Applicable Law in Indian Real Estate Sector
Real Estate: A highly regulated sector: The Real Estate sector happens to be one of the most regulated sectors. As per a report by the Ministry of Corporate Affairs’ Committee on National Competition Policy, every real estate project prior to launch has to seek almost 52 odd approvals, a number which could vary from state to state. Some of the many laws that affect a transaction taking place in the Real Estate sector can be seen below:

Apart from some other land related laws, the entities operating in the real estate sector need to be compliant with various environment laws like the Environment Protection Act and the relevant laws for prevention and control of air and water pollution. Depending on the kind of business, the entity might even have to comply with the various construction and labor laws.

The Real Estate Industry providing a myriad of investment opportunities

In the recent times when the Country has been struggling with the ever weakening Indian Rupee against the USD, NRIs have found a reason to rejoice especially in Real Estate.

Before the year 2005, only NRIs and Persons of Indian Origin were allowed to invest in the housing and real estate sectors and other Foreign Investors were allowed to invest only in development of integrated townships and settlements by way of wholly owned subsidiaries or Joint Ventures. The avenues for the foreign investors fully opened in 2005.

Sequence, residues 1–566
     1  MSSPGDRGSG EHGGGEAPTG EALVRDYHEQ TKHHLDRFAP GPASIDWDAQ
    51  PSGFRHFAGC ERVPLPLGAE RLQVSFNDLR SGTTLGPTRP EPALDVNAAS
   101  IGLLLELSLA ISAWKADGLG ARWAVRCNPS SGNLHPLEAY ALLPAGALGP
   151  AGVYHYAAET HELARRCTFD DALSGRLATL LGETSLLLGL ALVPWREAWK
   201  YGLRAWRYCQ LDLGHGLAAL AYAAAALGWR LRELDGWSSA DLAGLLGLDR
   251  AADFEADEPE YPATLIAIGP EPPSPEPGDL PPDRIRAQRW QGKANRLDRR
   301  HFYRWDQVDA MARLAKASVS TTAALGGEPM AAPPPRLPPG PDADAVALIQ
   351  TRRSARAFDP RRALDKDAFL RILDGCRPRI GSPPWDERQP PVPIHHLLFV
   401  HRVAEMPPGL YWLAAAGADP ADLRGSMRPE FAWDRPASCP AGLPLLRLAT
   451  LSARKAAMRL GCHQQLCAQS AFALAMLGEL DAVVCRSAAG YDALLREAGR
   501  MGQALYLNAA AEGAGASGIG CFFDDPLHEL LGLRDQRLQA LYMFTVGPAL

Now FDI up to 100% under automatic route is allowed in Housing, Townships, Construction Development and Built up infrastructure. However the investor has to follow some minimum area and minimum capitalization requirements. Moreover the investment is not allowed to be repatriated by the investor before 3 years from the completion of capitalization, an exit is available with the approval of Foreign Investment Promotion Board (FIPB). The FDI policy however expressly prohibits FDI in construction of farm houses or in real estate business (i.e. trading in real estate or Transferable Development Rights).

Government Initiatives

Through the Budget 2012-13, the Government aimed at increasing the investment in infrastructure because the real estate sector is seen as a major industry contributing to the overall economic growth of the country. Government’s efforts were successful to a great extent, especially in increasing investment by more Public Private Partnership. The 12th 5 year plan of the Government focuses on increasing infrastructure so the scope is open for construction companies as far as the Governmental support is concerned. Given the increasing affluence of the Indian families, consequential rise in urbanization and shift of focus from renting to owning a property, the future of the Real Estate Sector looks bright.